Women of Color Claiming Clout as Voters

By Waverly Colville

Women of color are becoming an increasingly essential voting block to cultivate. In the 1964 presidential election, only 1 in 20 voters was a woman of color. But by 2012, that number increased to 1 in 6, according to the Bureau of the Census cited by American Progress.

America saw it in Alabama, when a Democrat beat a Republican in a special election for the first time in 25 years. In statewide races since 2008, black people consisted of about 25 percent of voter turnout. But in the 2017 special election, the black vote accounted for 29 percent according to exit polls cited by The Huffington Post. Black women made up 17 percent of that.

With midterm elections coming up, the women of color vote matters. They hold the power to change elections in unlikely ways– but that’s only if they show up to the polls.

Voter turnout among people of color has been historically lower than white people. In the 2016 election, white voter turnout was 65.3 percent. Black voter turnout was 59.6 percent, Asian was 49.3 percent and Hispanic was 47.6 percent, according to the Pew Research Center.

But if more people of color, especially women, come out to vote, Democrats could win a House and Senate majority.

According to an ABC News/Washington Post poll, 64 percent of female voters say they would vote for a Democrat over 29 percent who would choose a Republican. The Democrats’ 12-point overall lead is the most significant gap in a ABC News/Washington Post poll since 2006, according to Time.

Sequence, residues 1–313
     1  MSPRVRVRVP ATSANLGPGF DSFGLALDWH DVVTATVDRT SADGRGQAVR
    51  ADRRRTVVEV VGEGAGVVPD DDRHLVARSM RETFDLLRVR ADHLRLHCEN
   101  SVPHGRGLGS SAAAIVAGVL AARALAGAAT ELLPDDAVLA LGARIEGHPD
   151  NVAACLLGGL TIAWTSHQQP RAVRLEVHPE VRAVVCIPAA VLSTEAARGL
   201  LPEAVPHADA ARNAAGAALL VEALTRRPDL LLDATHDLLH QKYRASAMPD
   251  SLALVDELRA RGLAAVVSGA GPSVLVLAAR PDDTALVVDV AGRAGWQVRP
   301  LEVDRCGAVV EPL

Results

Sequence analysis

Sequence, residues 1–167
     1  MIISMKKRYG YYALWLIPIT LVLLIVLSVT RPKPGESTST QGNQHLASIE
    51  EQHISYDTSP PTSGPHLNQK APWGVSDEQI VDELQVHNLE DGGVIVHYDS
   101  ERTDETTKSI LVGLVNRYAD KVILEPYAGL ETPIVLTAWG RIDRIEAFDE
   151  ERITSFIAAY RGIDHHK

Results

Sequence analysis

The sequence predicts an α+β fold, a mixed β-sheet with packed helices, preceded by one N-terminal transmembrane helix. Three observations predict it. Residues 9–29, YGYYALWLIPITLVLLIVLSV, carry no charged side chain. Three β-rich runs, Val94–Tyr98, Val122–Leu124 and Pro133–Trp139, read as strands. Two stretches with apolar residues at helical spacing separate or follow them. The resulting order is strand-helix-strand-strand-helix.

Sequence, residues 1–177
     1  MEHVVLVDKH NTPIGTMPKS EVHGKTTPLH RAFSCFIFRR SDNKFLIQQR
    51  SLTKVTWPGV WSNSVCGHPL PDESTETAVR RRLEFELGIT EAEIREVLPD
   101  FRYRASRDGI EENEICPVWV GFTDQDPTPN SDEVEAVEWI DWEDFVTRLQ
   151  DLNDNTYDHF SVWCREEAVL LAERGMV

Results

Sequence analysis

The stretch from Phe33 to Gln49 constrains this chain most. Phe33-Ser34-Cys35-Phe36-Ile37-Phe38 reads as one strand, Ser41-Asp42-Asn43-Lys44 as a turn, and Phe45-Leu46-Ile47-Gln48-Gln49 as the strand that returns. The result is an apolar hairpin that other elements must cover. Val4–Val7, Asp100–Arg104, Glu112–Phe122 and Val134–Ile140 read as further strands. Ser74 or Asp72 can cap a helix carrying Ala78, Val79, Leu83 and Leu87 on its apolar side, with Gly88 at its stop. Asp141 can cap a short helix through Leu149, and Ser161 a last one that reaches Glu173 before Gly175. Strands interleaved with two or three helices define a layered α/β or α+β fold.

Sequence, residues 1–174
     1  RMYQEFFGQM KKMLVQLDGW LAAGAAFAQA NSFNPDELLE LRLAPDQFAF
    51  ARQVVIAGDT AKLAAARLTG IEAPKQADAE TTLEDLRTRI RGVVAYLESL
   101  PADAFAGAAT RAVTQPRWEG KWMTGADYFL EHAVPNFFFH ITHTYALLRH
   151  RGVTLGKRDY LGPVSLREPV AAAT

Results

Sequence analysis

Currently, the House and the Senate are both run by Republicans. The Senate is 49 Democrats to 51 Republicans. There are 34 seats up in 2018, 26 of which are held by Democrats.

The House now has 221 Republicans and 195 Democrats, with all 435 Congressional Districts up for election. With 218 seats needed for control, Democrats need to win 23 more seats.

The elections will be held on November 6, 2018 and the most important thing women of color can do is show up to the polls.  Be sure you are registered.  You can register to vote through your local DMV or visit Vote.gov. Also Rock-the-Vote has a site that links to relevant offices across the US.  Voting rules vary from state to state, so double check your local laws online. With some states, it’s as easy as filling in an online form.